February 11, 2014 in Nation/World

Pentagon sex crime inquiry widens

Senator seeks records from four U.S. bases
Richard Lardner Associated Press
 
Missed appearance

The top U.S. officer in Japan, Lt. Gen. Salvatore Angelella, was unable to make a scheduled appearance Monday at the Japan National Press Club in Tokyo due to heavy snow. Angelella took questions submitted in advance over Skype but did not respond to AP’s question about the adjudication of sexual assault cases involving U.S. personnel in Japan.

In an earlier statement to AP, Angelella said the military takes the issue of sexual assault “very seriously.”

WASHINGTON – The Pentagon is coming under pressure to give Congress detailed information on the handling of sex crime cases in the armed forces following an Associated Press investigation that found a pattern of inconsistent judgments and light penalties for sexual assaults at U.S. bases in Japan.

Democratic Sen. Kirsten Gillibrand of New York, who’s led efforts in Congress to address military sexual crimes, is pressing the Defense Department to turn over case information from four major U.S. bases: Fort Hood in Texas, Naval Station Norfolk in Virginia, the Marine Corps’ Camp Pendleton in California, and Wright-Patterson Air Force Base in Ohio.

Such records would shed more light on how military commanders make decisions about courts-martial and punishments in sexual assault cases and whether the inconsistent judgments seen in Japan are more widespread.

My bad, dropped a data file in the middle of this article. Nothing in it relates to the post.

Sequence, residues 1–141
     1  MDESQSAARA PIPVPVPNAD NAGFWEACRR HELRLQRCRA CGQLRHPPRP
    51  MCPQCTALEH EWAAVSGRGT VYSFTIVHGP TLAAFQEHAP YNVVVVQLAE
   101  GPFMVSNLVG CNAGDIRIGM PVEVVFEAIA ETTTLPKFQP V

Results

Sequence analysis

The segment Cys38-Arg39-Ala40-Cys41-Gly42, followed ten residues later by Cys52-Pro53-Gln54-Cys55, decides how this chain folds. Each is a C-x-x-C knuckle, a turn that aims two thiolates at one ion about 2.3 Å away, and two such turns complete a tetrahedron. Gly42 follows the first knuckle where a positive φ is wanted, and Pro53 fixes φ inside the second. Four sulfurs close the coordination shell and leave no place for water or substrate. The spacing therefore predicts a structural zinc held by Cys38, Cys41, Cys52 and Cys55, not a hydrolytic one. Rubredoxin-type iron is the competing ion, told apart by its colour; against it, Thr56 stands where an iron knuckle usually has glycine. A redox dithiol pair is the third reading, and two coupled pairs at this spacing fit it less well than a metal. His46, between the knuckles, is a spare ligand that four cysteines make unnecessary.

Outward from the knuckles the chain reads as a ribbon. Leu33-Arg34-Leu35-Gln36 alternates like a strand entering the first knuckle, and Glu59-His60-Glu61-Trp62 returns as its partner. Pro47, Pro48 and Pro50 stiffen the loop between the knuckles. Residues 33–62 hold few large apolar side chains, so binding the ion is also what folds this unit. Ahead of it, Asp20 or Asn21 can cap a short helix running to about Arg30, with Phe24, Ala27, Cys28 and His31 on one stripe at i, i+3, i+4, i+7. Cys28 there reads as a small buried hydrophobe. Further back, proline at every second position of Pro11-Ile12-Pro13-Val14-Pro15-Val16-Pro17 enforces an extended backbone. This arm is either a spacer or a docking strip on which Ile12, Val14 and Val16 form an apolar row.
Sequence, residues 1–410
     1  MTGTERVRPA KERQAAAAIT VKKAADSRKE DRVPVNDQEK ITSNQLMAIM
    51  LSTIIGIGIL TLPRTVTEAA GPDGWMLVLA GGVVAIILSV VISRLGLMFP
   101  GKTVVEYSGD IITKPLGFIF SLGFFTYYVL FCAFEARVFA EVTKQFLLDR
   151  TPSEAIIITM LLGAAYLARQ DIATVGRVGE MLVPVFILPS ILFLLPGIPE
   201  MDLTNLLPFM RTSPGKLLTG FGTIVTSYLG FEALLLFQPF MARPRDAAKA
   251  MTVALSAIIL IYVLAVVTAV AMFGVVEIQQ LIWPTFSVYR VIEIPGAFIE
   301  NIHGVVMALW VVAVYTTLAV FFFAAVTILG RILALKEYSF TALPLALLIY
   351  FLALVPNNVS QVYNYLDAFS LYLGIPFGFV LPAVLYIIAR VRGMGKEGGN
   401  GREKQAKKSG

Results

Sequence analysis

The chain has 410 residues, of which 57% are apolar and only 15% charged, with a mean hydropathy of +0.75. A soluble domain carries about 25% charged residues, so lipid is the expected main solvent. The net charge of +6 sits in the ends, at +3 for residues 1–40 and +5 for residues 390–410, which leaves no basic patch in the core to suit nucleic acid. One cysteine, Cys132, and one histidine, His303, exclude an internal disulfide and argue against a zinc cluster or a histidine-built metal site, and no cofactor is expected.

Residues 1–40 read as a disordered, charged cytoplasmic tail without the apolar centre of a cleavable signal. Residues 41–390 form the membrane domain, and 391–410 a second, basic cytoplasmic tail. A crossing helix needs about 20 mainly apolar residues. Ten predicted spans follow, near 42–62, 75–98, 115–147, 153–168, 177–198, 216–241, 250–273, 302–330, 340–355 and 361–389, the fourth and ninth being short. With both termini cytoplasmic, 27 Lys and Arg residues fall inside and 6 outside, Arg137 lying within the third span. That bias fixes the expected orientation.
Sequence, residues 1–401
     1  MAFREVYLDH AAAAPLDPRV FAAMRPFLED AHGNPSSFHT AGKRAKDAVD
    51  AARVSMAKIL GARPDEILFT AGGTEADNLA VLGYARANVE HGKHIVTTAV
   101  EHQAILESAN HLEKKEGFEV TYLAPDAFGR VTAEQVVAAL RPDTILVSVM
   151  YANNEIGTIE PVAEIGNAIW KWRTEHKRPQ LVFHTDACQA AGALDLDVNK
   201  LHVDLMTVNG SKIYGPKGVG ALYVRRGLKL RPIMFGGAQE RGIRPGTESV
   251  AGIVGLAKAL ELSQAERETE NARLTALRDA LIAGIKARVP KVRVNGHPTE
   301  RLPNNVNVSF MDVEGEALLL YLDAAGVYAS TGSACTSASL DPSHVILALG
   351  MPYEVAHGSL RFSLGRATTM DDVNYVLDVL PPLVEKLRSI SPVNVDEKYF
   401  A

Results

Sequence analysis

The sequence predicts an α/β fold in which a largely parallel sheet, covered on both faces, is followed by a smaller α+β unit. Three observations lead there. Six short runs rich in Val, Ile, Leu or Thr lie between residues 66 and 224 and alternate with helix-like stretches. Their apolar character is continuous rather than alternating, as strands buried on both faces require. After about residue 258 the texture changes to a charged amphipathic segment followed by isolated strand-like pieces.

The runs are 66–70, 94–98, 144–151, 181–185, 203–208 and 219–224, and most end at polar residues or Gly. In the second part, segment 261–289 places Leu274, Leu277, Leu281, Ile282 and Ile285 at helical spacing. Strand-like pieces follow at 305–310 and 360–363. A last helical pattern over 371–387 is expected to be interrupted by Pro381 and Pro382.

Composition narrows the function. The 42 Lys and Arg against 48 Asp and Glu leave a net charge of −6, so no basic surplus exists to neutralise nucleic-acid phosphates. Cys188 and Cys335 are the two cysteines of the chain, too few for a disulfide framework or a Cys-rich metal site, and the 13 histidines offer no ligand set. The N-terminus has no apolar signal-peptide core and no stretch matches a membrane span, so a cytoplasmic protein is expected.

The AP’s investigation, which was based on hundreds of internal military documents it first began requesting in 2009, found that what appeared to be strong cases were often reduced to lesser charges. Suspects were unlikely to serve time even when military authorities agreed a crime had been committed. In two rape cases, commanders overruled recommendations to court-martial and dropped the charges instead.

Gillibrand, who leads the Senate Armed Services personnel panel, wrote Monday to Defense Secretary Chuck Hagel asking for “all reports and allegations of rape, forcible sodomy, sexual assault, sex in the barracks, adultery and attempts, conspiracies or solicitations to commit these crimes,” for the last five years.

She has introduced legislation that would strip senior officers of their authority to decide whether serious crimes, including sexual assault cases, go to trial. The bill would place that judgment with trial counsels who have prosecutorial experience and hold the rank of colonel or above. The legislation, expected to be voted on in coming weeks, is short of the 60 votes needed to prevent a filibuster.

Defense Department officials have acknowledged the problem of sexual assaults in the ranks and said they are taking aggressive steps to put a stop to the crimes.

“This isn’t a sprint,” said Jill Loftus, director of the Navy’s sexual assault prevention program. “This is a marathon and it’s going to take a while.”

Col. Alan Metzler, deputy director of the Defense Department’s Sexual Assault Prevention and Response Office, said numerous changes in military law and policy made by Congress and the Pentagon are creating a culture where victims trust that their allegations will be taken seriously and perpetrators will be punished. Defense officials noted that the cases in Japan preceded changes the Pentagon implemented in May.

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